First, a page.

FDA’s dose-optimization requirements for cancer therapies are sure to shake up clinical trial designs and clinical development strategies, and companies are calling for more clarity on how exactly the processes will change.
In public comments submitted in response to FDA’s draft guidance on dose optimization for oncology therapies, which was released in January, representatives from biotech companies and the NIH raised questions about where the dose optimization steps should be built into the clinical development process, how optimized doses should be established for combination regimens, and whether the guidance applies to rare and pediatric cancers.
How FDA addresses these questions in the next version of the guidance, and in its practice, will help biotechs understand how much dose optimization is going to change the costs and timelines of clinical development.
The draft guidance redefines the way dose-finding experiments will be carried out in cancer clinical development. It moves the field away from the maximum-tolerated dose (MTD) model that has become standard and instead focuses on finding an optimal dose for both safety and efficacy.
The benefits to patients are clear. Newer targeted therapies and immunotherapies often reach an efficacy plateau in dose escalation long before dose-limiting toxicities are reached, which means the new paradigm could lead companies to advance lower doses that minimize toxicities.
Though some biotechs see the dose-optimization framework as an opportunity for product differentiation, others have raised concerns about how it will impact the ability of small biotechs to run Phase I trials.
Those concerns were echoed in a public comment on the draft guidance from Jeffrey Moscow, chief of the Investigational Drug Branch for the Cancer Therapy Evaluation Program at NIH’s Division of Cancer Treatment and Diagnosis.
“Our concern is that the proposed implementation of the FDA’s guidance will significantly slow oncology drug development and will substantially increase the cost of oncology drug development,” he wrote, adding that it “runs counter to FDA initiatives to streamline clinical trials by requiring additional correlative studies on additional patient cohorts.”
The comment argued that dose-optimization studies shouldn’t be carried out in Phase I trials, but in the later stages of development. It reflects a broader confusion that runs throughout the public comments about exactly when dose optimization should take place.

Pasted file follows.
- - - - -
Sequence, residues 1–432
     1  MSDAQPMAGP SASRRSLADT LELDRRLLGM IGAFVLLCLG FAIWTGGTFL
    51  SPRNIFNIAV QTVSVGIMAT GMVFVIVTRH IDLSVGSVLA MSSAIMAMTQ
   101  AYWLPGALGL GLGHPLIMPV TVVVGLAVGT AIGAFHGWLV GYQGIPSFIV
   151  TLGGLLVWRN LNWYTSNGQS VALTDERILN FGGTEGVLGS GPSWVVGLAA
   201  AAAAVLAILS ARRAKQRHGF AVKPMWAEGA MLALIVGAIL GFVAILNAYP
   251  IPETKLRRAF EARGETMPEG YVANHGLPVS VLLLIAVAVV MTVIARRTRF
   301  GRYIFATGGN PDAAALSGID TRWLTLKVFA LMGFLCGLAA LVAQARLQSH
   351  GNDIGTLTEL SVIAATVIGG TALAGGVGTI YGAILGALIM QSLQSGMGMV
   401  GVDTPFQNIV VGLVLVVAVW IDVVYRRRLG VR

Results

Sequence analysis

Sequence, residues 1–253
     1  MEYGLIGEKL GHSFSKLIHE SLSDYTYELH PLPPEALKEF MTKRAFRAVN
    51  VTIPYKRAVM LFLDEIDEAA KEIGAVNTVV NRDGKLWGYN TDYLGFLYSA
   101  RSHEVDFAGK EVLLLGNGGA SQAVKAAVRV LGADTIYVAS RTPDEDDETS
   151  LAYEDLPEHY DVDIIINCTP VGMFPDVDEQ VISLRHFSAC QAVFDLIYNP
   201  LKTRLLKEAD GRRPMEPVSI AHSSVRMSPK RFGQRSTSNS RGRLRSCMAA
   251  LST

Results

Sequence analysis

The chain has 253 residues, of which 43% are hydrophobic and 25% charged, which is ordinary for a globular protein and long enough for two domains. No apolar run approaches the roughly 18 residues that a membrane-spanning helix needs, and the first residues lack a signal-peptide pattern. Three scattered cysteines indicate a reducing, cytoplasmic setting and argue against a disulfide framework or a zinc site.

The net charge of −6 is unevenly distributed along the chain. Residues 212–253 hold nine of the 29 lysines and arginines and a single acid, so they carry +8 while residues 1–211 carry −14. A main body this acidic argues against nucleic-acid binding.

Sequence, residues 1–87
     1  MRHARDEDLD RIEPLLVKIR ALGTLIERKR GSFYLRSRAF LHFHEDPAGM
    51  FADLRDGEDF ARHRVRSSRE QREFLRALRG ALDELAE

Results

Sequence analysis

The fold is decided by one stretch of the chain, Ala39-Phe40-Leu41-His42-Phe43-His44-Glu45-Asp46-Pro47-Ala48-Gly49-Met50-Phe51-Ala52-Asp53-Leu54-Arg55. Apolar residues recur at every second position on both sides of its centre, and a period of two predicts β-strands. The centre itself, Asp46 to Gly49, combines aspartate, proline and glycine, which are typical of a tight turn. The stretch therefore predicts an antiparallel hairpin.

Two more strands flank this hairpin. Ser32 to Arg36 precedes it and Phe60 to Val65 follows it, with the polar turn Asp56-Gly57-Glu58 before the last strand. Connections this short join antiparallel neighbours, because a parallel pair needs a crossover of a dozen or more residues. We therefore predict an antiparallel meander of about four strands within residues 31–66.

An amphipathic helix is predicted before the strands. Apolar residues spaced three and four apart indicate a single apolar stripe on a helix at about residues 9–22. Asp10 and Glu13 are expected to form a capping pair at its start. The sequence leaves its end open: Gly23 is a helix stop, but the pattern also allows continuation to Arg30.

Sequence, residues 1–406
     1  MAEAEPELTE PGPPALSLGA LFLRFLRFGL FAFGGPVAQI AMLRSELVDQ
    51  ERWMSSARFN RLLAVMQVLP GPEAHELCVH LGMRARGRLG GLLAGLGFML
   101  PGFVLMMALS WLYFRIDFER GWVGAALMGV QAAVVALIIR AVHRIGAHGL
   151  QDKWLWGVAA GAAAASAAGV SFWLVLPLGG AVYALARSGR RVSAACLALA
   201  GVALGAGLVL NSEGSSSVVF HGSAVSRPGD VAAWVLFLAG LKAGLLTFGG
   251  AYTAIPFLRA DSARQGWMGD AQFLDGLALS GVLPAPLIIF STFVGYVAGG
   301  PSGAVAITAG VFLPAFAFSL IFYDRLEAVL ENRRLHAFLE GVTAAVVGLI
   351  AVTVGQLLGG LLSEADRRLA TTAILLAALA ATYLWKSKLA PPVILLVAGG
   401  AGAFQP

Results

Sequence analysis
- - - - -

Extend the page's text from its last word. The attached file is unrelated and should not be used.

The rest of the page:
It isn’t clear in the draft guidance just how much Phase I trial designs will need to be expanded and modified, which is especially relevant to small biotechs bringing therapies to the clinic with limited resources.
The draft guidance recommends a randomized, parallel dose-response trial design to compare dosages. However, it leaves open whether the randomized trial should happen prior to a registrational study, or as part of a registrational study. Given the heavy use of accelerated approval in oncology, running a randomized dose-response study before a registrational trial may mean incorporating it into Phase I.
It’s also unclear from the guidance whether the dose-finding part of the process, which will identify the doses for randomization, needs to be expanded, and by how much. If dose finding must be expanded, companies wonder whether that can take the place of a randomized study. The guidance states that “it may be reasonable to add more patients to dose-level cohorts in a dose-finding trial which are being considered for further development.”
The NIH comment argued that the added burden of dose optimization in Phase I goes beyond the effects on small biotechs; it also exposes a larger number of patients to unnecessary toxicities and ineffective therapies. Most therapies tested in Phase I studies do not prove to be beneficial for patients, Moscow wrote.
Multiple comments also raised questions about the design of the randomized trials. The guidance states that the studies don’t need to be powered to demonstrate superiority or non-inferiority of a dose, but stops short of recommending criteria for dose selection based on that data.
A response from Friends of Cancer Research states that “without statistical power, methods for evaluating data collected to adequately justify the optimal dosage(s) should be discussed.”
Other responses call for language that allows flexibility in dose-optimization study design. For example, a comment from Amgen Inc. (NASDAQ:AMGN) recommended that non-randomized dose-optimization designs, such as backfilling of cohorts, be considered on a case-by-case basis.
A comment from Certara Inc. (NASDAQ:CERT) raised the issue of patient populations. Most Phase I solid tumor studies evaluate a therapy across a range of tumor types, and the optimal dose may be different across cancer settings. “Can a randomized dose optimization study be conducted in a heterogeneic tumor population to identify a dosage for a registrational study in a specific tumor subtype?” the company asked.
One of the most frequent questions was around dose optimization for combination therapies, with many companies wondering whether dose optimization needs to be conducted for each agent separately and for the combination.
“Should monotherapy dose finding/dose-response/exposure-response be established prior to investigating combinations? Does the dose of the combination agent need to be optimized,” Certara asked.
Several commenters were also interested in learning about the exemptions from dose optimization. Given that recruitment for pediatric and rare cancer trials is already difficult, they questioned if and how dose optimization would apply in those settings.
The 60-day comment period closed Monday.